Locations: Gledhow Park, Leeds
Clients: Friends of Gledhow Valley Woods (FoGVW), Wades Trust, Leeds City Council, Parks & Countryside, National Heritage Lottery Fund
Background & Objectives:
The project aims to carry out essential conservation work to secure the long-term future of the lake that is likely to disappear due to the build -up of silt in the lake and lack of regular maintenance if no remedial action is taken. The experience of visitors will be improved by providing interpretation boards explaining the history and wildlife of the area, paths upgraded and marginal planting carried out to create a richer range of environments for wildlife. Invasive plant species will also be removed.
The project will provide a range of volunteering opportunities to people from surrounding local communities. The project will benefit from generous additional funding from project partners Wades Charity and Leeds City Councils Parks and Countryside Directorate.
The lake and surrounding woodland are a much-loved focal point for the local community. The lake dates from at least medieval times when it most likely functioned as a monastic fish pond. From the late 1760s the lake, complete with cascades and bankside paths, became a central feature of the Gledhow Hall estate, inspired by the fashions that became popular as a result of European travel by the English upper classes.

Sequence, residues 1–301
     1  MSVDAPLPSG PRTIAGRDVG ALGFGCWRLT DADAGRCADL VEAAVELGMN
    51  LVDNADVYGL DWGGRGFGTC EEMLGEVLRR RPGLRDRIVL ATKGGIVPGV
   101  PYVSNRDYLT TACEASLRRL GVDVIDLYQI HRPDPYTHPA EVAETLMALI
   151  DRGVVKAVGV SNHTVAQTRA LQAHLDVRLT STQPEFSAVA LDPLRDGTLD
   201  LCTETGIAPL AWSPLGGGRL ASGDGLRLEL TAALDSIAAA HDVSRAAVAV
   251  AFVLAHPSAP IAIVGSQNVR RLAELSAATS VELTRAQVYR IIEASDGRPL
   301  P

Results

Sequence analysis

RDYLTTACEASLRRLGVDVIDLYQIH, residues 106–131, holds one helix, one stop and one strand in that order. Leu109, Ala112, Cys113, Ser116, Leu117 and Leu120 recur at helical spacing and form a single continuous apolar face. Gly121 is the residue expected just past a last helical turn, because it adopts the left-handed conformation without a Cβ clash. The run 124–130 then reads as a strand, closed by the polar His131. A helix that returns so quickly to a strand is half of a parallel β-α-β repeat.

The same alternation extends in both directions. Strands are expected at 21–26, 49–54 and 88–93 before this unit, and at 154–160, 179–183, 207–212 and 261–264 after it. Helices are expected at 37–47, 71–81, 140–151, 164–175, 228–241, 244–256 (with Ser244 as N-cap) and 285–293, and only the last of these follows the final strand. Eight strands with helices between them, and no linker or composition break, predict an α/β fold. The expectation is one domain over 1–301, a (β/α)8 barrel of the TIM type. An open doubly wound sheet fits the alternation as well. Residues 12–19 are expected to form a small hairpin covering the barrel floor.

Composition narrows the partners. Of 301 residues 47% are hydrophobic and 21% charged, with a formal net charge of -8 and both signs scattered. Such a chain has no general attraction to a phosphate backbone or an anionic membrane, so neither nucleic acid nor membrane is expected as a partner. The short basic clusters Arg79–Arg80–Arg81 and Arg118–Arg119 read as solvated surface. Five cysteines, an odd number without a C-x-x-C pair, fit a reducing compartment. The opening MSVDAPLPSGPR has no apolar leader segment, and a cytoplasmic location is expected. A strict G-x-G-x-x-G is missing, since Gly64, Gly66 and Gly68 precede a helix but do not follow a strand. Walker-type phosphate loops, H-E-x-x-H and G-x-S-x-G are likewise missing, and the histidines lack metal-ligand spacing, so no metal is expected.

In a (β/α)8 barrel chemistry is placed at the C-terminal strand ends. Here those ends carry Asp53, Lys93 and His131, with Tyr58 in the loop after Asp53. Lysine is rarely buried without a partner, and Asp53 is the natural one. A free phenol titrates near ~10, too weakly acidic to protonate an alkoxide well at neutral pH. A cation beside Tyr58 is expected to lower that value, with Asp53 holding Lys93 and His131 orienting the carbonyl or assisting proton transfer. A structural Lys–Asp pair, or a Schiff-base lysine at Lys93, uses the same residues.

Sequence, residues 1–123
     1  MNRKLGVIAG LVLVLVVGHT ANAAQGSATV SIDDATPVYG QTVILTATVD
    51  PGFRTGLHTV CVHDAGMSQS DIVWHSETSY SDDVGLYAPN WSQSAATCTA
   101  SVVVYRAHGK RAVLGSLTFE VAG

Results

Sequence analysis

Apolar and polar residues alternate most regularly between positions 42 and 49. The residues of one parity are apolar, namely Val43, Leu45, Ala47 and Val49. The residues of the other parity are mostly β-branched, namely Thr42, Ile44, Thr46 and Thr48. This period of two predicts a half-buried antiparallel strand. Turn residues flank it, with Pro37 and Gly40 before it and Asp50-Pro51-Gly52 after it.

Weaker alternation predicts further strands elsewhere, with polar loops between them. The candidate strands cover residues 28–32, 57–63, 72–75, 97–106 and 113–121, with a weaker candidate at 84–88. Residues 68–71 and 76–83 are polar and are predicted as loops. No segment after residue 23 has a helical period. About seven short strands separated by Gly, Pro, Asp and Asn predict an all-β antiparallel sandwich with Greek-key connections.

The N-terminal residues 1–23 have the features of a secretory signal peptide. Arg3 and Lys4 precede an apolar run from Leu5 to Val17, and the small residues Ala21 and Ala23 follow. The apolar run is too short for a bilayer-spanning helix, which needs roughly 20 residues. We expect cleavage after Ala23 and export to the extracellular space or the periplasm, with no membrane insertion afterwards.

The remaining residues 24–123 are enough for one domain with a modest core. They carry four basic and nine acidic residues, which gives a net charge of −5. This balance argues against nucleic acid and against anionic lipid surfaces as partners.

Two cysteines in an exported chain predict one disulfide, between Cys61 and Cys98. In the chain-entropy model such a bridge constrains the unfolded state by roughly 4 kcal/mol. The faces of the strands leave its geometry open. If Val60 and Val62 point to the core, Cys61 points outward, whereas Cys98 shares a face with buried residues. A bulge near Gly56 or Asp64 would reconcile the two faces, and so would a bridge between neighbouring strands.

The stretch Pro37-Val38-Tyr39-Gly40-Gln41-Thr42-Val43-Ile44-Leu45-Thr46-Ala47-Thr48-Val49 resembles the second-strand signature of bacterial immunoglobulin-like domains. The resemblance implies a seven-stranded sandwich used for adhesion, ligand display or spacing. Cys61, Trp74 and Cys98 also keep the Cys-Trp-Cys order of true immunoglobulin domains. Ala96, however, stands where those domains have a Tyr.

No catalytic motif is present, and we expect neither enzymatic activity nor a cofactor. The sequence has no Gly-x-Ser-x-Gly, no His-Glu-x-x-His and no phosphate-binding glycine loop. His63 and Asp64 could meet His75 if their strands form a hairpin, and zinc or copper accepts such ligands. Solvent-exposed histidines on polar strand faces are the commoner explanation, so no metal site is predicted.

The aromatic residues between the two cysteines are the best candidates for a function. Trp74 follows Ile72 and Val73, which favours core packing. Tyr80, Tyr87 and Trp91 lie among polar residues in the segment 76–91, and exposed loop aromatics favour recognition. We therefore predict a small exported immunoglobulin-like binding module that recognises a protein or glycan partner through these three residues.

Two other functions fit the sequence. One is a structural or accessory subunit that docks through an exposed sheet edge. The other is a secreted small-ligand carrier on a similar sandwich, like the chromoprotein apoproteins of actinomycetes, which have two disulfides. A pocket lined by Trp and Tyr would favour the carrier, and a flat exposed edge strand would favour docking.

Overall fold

The build up of silt through run-off from the valley sides and the annual impact of leaves from surrounding trees was creating stagnation through a blockage of the flow that would lead to the secession of damp woodland. The intention was to remove silt and increase the water flow while removing some of the self-seeded trees and overhanging vegetation from the lake sides.
Environment Agency regulations limited the approach to removal from site of the silt so we designed a series of below water porous fences that would contain the silt and provide a medium to grow a variety of native aquatic and emergent plants.
The importance of this site as a public resource meant that it was essential to protect the public from the silt and the water’s edge. FoGVW organised a community installation of a dead hedge along the bank of the lake that would use up brashing from the trees, provide a fence and a resource for local fauna, over time there will be increasing native climbers growing through the dead hedge.
The restoration of Gledhow Valley Lake has brought life back into the bottom of the valley. The works have enabled have freed up open water to allow a flow that has increased the flora and fauna, providing a resource that the public can enjoy, the biodiversity provides a great source of interest and has sponsored local interest in carrying out further restoration works in the valley.
Natural secession is an ongoing task that can be maintained through careful management, Gledhow Valley Lake through FoGVW will follow these principles to maintain a future resource for biodiversity, flora and fauna and public use.